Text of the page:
Monday, September 08, 2008

Document Centric Desktop

I have been thinking more lately about Federicos "Document Centric" presentation. Document and file management is by far the hardest thing for users to understand. I kind of feel that considering it's 2008, there is very little hope of that situation improving. So I was checking his mockups on ideas for helping people find their documents. Users tend to cringe on learning something new, or having to go into a new program.

So as a rough proof of concept I wrote a ksh script to convert $HOME/.recently-used documents generated by OpenOffice into a .ics file and then allowed Evolution to load the results. I kind of like all date related items being stored in the same software. Email is open all day, which makes it immediately useful. No clickable links obviously, but at least points them in the right direction. I submitted it to the cron for a few power users to see how it runs. I threw it on an internal webserver and they are now using webcal:// to view the data.

file://, easy to see it's a file. Mouse-over tooltip provides full file name

We know the time of the file touch as well, so we can put it inside a 1 hour window.

Here is the WFM code, no attempt was made to make it pretty and useful to other people:

Edit: The paste of the code failed, some of the tags were picked up as HTML. So created a link

Here is the code


jcastro said...

I like this idea a bunch.

Anonymous said...

The idea of finding files by date is good, but not implemented in this way.

Dennis Fisher said...

If I recall correctly this was mentioned in Federico's presentation, but for anyone who hasn't actually seen it (you should!), there was another project doing roughly the same thing:

I suspect this implementation was done either to avoid C#, provide integration with the calendar people are already likely using anyway, or both. Either way, glad to see multiple approaches to this being worked on.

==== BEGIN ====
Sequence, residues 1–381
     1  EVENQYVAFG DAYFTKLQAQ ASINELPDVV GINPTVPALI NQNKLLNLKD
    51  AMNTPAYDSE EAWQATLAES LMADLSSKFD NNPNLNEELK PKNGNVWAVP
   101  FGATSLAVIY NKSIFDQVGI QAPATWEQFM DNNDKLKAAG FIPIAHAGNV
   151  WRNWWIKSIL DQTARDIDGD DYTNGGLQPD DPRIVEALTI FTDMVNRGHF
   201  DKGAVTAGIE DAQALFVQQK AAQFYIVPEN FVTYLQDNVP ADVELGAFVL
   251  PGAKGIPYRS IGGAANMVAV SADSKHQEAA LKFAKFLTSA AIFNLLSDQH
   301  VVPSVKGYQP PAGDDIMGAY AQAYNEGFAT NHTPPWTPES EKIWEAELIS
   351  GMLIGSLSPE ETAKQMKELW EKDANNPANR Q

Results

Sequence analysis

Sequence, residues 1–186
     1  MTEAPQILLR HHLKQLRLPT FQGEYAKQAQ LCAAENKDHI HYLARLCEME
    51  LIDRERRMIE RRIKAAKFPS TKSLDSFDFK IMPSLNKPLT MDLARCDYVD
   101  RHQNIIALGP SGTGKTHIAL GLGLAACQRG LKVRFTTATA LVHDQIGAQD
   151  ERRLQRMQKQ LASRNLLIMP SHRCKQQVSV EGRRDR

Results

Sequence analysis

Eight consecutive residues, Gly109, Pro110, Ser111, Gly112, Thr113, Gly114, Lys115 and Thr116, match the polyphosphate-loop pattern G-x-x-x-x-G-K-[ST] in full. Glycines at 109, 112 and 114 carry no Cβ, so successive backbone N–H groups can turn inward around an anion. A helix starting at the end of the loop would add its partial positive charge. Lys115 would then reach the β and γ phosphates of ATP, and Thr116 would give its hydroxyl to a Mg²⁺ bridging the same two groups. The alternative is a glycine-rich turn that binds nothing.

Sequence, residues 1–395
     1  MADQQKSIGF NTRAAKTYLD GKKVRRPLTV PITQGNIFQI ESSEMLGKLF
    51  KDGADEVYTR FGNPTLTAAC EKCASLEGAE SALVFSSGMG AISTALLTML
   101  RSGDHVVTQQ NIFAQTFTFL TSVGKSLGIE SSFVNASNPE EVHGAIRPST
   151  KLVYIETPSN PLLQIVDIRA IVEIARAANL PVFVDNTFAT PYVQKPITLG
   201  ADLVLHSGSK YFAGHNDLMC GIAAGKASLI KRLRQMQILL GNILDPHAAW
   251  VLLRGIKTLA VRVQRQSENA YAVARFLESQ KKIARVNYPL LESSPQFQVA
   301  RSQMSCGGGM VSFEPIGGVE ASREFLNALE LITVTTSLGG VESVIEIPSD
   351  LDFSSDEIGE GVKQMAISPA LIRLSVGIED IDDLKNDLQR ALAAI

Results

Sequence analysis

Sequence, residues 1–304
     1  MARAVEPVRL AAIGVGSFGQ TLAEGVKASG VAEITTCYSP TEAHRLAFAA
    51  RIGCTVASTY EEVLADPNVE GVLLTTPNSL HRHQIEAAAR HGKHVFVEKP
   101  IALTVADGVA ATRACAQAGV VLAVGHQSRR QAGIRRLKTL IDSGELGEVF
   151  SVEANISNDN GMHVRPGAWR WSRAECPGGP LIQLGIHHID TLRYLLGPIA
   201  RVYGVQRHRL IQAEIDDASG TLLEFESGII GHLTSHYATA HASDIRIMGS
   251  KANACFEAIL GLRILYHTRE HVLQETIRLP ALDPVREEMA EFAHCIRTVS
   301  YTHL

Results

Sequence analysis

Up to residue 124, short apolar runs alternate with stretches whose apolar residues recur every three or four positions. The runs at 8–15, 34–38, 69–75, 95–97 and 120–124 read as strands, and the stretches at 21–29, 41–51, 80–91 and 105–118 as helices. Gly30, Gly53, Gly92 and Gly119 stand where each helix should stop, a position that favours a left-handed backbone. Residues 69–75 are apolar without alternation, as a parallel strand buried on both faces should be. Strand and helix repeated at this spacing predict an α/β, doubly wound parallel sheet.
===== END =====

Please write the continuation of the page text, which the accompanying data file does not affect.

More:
Dennis Fisher said...

Oh, the reasons for it were mentioned in the post, I just didn't see it on my too-quick scan through the post. That'll teach me to actually throughly read something if I'm going to bother commenting on it.

Dave Richards said...

Actually what I am testing is the idea of displaying information in this manner vs any attempt at a final design. I am going to try and make my way to the Boston Summit this year, so I'm trying to get myself current on some of the new ideas being kicked around in the GNOME world.

As for nemo: I have seen it. It currently does not connect to Beagle static indexes, so I'm not able to put it into a test mode. We are not watching file system changes in real-time, they are performing nightly and placed into the static databases.

Emmanuele said...

please, don't use the recently-used file: gtk+ is not using that, and any gnome application should use the new XBEL-based recently used file format that gtk+ provides since the 2.10.0 release.

the XBEL format is far superior, giving you a lot more information, and it's easily parseable (python has an xbel module, as well as perl and other languages - and the actual parser is even included inside glib's GBookmarkFile API). the old custom format was the result of copy-and-paste code and was deprecated for a reason.

openoffice should just switch over to the XBEL-based format, if it did not already.

Dave Richards said...

emmanuele: No biases on the file here. :) I just used what was currently being generated from OOo.

Anonymous said...

nice. looks like what Nemo was build for:

(if only it worked...)

definitely the right direction and gnome should really push this philosophy.